|Tulkiyan is of State significance as an important, intact example of a fine Arts & Crafts suburban villa|
|Tulkiyan House Museum|
Tulkiyan is an Arts & Crafts style suburban villa designed in 1913 by architect B.J. (Bertrand James) Waterhouse (1876-1965) of Waterhouse & Lake Architects.
The house was built for Mrs Mary Donaldson and her husband William, a Sydney merchant. It remained in Donaldson family ownership and occupation for 80 years, with minimal alterations to furnishings and building fabric. When the last of the family, Miss Mary Donaldson, died in 1994 aged 91, Tulkiyan became the property of Ku-Ring-Gai Council.
As a house museum, Tulkiyan illustrates the early 20th century fashion, taste and lifestyle of an Edwardian family on the affluent upper North Shore of Sydney. The largely intact interior is furnished with most of the original contents of the house. Furniture bought from David Jones in 1913 was simply updated in 1930 through the replacement of worn carpets and a re-covering of dining chairs.The original front garden layout also remains, along with remnants of early plantings, including lily pilly trees on either side of the main gate. Tulkiyan’s asymmetrical form, gables, shingle roof, wall finishes and bay windows are also typical of the period and the dark stained timber joinery of the interiors, decorative plaster ceilings and Art Nouveau style gas fireplaces are all synonymous with the Arts and Crafts architectural style.
- Photographer:James Whitelock
- Date Photographed:March 1990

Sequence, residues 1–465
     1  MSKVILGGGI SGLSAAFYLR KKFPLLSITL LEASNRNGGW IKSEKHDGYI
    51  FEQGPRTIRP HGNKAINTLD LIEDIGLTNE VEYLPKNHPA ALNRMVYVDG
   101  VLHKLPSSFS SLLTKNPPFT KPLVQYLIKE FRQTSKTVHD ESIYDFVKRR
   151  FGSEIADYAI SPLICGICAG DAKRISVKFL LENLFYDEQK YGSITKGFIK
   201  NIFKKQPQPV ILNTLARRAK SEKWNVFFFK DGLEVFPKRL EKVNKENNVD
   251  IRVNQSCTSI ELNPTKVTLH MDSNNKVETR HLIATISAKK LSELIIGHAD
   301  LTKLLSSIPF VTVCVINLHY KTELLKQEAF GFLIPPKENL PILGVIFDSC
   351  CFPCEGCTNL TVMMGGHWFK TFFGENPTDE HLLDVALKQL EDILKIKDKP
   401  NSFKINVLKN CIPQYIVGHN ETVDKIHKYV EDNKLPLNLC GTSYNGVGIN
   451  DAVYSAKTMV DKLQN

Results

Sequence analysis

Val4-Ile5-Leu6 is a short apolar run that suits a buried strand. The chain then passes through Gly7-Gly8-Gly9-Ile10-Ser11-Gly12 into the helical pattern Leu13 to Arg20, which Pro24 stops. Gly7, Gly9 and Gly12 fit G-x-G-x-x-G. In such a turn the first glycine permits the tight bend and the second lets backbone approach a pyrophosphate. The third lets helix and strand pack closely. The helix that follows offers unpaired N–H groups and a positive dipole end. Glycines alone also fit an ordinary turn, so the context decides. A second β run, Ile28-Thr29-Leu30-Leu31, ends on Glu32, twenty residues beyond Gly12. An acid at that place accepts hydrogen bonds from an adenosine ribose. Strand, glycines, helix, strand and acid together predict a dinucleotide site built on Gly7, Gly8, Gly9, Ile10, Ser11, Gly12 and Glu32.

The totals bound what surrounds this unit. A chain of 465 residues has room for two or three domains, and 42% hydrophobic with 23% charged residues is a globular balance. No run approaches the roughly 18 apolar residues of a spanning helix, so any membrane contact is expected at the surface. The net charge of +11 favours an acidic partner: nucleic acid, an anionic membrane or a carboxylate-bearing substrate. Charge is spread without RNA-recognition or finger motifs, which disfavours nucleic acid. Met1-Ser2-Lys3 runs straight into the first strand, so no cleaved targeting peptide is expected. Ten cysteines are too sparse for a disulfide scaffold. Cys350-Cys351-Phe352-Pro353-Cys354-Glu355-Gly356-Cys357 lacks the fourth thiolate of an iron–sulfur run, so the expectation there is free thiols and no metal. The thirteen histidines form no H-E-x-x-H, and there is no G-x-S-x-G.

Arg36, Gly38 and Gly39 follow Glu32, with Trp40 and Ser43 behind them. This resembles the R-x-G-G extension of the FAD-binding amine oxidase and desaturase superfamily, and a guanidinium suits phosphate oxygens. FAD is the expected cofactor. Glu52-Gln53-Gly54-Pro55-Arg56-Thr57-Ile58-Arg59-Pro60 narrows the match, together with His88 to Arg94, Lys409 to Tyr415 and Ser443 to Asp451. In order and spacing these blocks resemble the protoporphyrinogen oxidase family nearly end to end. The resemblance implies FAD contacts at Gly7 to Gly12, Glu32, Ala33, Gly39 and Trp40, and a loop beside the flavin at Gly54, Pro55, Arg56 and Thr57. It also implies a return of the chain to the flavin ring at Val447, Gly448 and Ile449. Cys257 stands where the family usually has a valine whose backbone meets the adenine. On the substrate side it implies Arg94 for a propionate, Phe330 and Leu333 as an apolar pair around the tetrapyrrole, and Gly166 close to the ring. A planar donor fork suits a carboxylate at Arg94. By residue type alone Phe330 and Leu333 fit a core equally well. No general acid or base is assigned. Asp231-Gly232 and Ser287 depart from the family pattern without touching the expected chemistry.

- Original image format:35mm mounted slides
- Copyright:Caroline Simpson Library & Research Collection, Photograph James Whitelock, (c) Sydney Living Museums
Built in 1913, Tulkiyan is an important example of the work of Bertrand J Waterhouse, a prominent Sydney architect. In Federations arts and crafts style, it displays asymmetrical, dominant gables; shingled roof and wall finishes; and bay windows. The interior includes elaborate plaster ceilings, Art Nouveau style gas fireplaces and built-in cupboards – an innovation at the time.
The Donaldson family lived in the house continuously for over 80 years from 1913, during which the original style was maintained. The home and its contents provide an insight into upper middle class life in Sydney during the first half of the 20th century.
Tulkiyan was built for Mary and William Donaldson and their three children, Mary Isobella, William Jnr and Margaret.
Tulkiyan was built on part of the 40 acres of land that had been granted to Michael Ansell on 30 June 1823. In 1824, the 40 acres was sold to William Fowler, who then leased it to Messrs. Giles and
Ritchie. It was further mortgaged to Samuel Lyons, an auctioneer, who, in 1843, finally disposed of the property to Robert McIntosh II who was already a landowner and occupier of other substantial properties in old Lane Cove.